Things had become pretty static in the entry-level SLR market. We'd all got used to 6Mp cameras or 8Mp in the case of Canon and Olympus) and the trend seemed to be towards lower prices rather than higher specs.
And then, in the space of just a few short weeks, we get the Sony Alpha A100 , the Nikon D80 and - just announced - the Canon EOS 400D. Each has ten million pixels, a resolution which looks set to become the new standard for semi-serious digital SLRs.
For the time being, Nikon looks set to carry on with its 6Mp D50, so the D80 slots in above this but below the D200. It replaces the D70s, which was, admittedly, starting to look long in the tooth, not to mention expensive.
And Nikon has judged this pretty well, in that the D80 may not steal many sales from the D200 despite its features. You only have to compare the two cameras in the flesh to see the difference. The D200 is built like a tank, with controls for serious photographers and pros. The D80 is built like the D50 and D70s - chunky but plastic, with amateur-orientated Vari-Program modes up front on the mode dial and more serious photographic options tucked away in menus or accessed via buttons.
The D80 is for amateurs who want to take their photography further; the D200 is aimed at skilled photographers who want hands-on control of features they already understand. This raises another question. Is the D80 sufficiently superior to the D50 to justify a doubling in the price? There are two ways it can do this: by offering superior photographic control or practical benefits, and by providing significantly better image quality.
Those new features
Let's look at the D80's features. The 10Mp CCD is the headline news, but this inevitably brings bigger file sizes which, in turn, places greater demands on the camera's internal processing hardware. Nikon claims that a new processing chip accelerates performance while reducing power consumption, and this appears to be the case. Despite the bigger files, the D80 can still shoot at 3 frames per second practically indefinitely.
Well, almost. It can shoot up to 100 JPEG files in succession at this speed - a little down on the D70s (and the D50) but still a figure few of us are ever likely to exploit.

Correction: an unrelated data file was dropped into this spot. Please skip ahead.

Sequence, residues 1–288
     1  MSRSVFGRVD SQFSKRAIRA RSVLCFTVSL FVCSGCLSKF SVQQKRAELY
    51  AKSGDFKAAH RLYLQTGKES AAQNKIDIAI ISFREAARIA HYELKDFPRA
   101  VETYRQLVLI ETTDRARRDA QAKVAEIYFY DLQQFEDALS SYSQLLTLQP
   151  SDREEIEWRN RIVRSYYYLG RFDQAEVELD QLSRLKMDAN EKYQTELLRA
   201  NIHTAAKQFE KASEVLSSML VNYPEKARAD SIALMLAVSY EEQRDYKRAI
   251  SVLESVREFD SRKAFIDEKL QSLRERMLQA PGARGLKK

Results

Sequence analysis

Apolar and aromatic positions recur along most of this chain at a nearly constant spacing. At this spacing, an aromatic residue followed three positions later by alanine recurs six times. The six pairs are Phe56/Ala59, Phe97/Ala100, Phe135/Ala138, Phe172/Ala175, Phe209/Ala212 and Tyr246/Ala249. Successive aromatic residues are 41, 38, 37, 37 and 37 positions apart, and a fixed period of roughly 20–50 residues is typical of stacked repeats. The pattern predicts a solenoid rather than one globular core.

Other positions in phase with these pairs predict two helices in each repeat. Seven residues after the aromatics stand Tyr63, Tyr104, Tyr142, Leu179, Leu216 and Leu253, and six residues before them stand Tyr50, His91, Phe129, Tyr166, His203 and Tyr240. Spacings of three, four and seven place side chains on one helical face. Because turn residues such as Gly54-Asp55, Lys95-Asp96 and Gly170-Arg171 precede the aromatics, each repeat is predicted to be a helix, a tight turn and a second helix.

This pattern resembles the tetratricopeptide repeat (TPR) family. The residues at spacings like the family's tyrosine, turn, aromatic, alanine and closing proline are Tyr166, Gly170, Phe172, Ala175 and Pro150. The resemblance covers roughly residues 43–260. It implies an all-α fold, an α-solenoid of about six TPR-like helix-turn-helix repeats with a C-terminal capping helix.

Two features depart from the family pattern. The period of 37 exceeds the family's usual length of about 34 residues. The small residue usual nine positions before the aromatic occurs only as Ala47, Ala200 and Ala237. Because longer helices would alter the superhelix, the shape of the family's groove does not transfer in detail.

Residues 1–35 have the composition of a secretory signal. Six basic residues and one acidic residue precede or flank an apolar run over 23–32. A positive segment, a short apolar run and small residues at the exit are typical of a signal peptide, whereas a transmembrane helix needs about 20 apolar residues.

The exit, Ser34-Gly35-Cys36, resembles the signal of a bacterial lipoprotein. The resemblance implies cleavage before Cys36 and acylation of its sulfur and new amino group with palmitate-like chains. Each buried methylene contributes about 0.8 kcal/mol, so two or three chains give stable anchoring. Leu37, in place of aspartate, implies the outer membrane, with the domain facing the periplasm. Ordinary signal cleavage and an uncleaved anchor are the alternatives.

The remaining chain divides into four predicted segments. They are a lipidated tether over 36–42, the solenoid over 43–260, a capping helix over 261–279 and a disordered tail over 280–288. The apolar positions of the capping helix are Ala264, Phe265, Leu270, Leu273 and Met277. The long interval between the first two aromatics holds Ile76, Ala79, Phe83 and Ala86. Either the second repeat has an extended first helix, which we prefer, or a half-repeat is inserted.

The battery life is pretty good, too. Nikon has a habit of quoting two figures: one based on continuous shooting in a very specific set of conditions and another based on what appears to be a more reasonable simulation of what most of us do. The battery life figures quoted are 2,700 shots and 600 shots respectively. Even if you get 600 shots on a single charge, you've not got much to complain about.
What's more, the battery charge indicator on the status panel is backed up by some careful battery charge measurements within the camera. When the charge icon moves off maximum, it doesn't mean (as it does with most cameras) that the D80 is about to drop dead at any second. In fact, the charge indicator has several segments which do a pretty good job of mirroring the battery's true state. And if you're not convinced, you can dip into the menus to check the battery's charge level as a percentage, and also the number of charge cycles it's been through (and hence whether you need to replace it at some point).
Nikon claims too that the D80 includes a number of features from its pro SLR range, including 'colour independent analogue pre- conditioning'. Whatever that is. Incidentally, any D50 or D70s owners who couldn't help crowing over their cameras' extraordinarily high (compared to rivals) 1/500sec flash sync speed should keep quiet now. The D80 has dropped down to 1/200sec.
There are two new lenses, too, though these were not available at the time of going to press. One is an alternative 'kit' lens - a 7.5x 18-135mm zoom, while the other is a 70-300mm VR telephoto zoom. We tested the camera with the cheaper kit lens option - Nikon's long-running 18-70mm zoom.
Nikon, as many photographers may be aware, underestimated the demand for its 18-200mm VR lens and many people are still struggling to get one. There's been some heated discussion on this topic by those who've been disappointed. Nikon claims that it's learned its lesson and that production of the 18-135mm zoom has been ramped up.
Controls and handling
Nikon says the D80's viewfinder has been taken from the D200 and that it's larger and brighter than the one on the D70s. There's no doubt about it - it's noticeable as soon as you put the camera to your eye.
It's not just the viewfinder that's had some attention but the LCD too. Like Sony's A100, the D80 sports a 2.5-inch LCD with 230,000 pixels - it's not just big, it's sharp too. What's more, this unit has an unusually wide viewing angle so that the display brightness remains the same whatever angle you look at it from.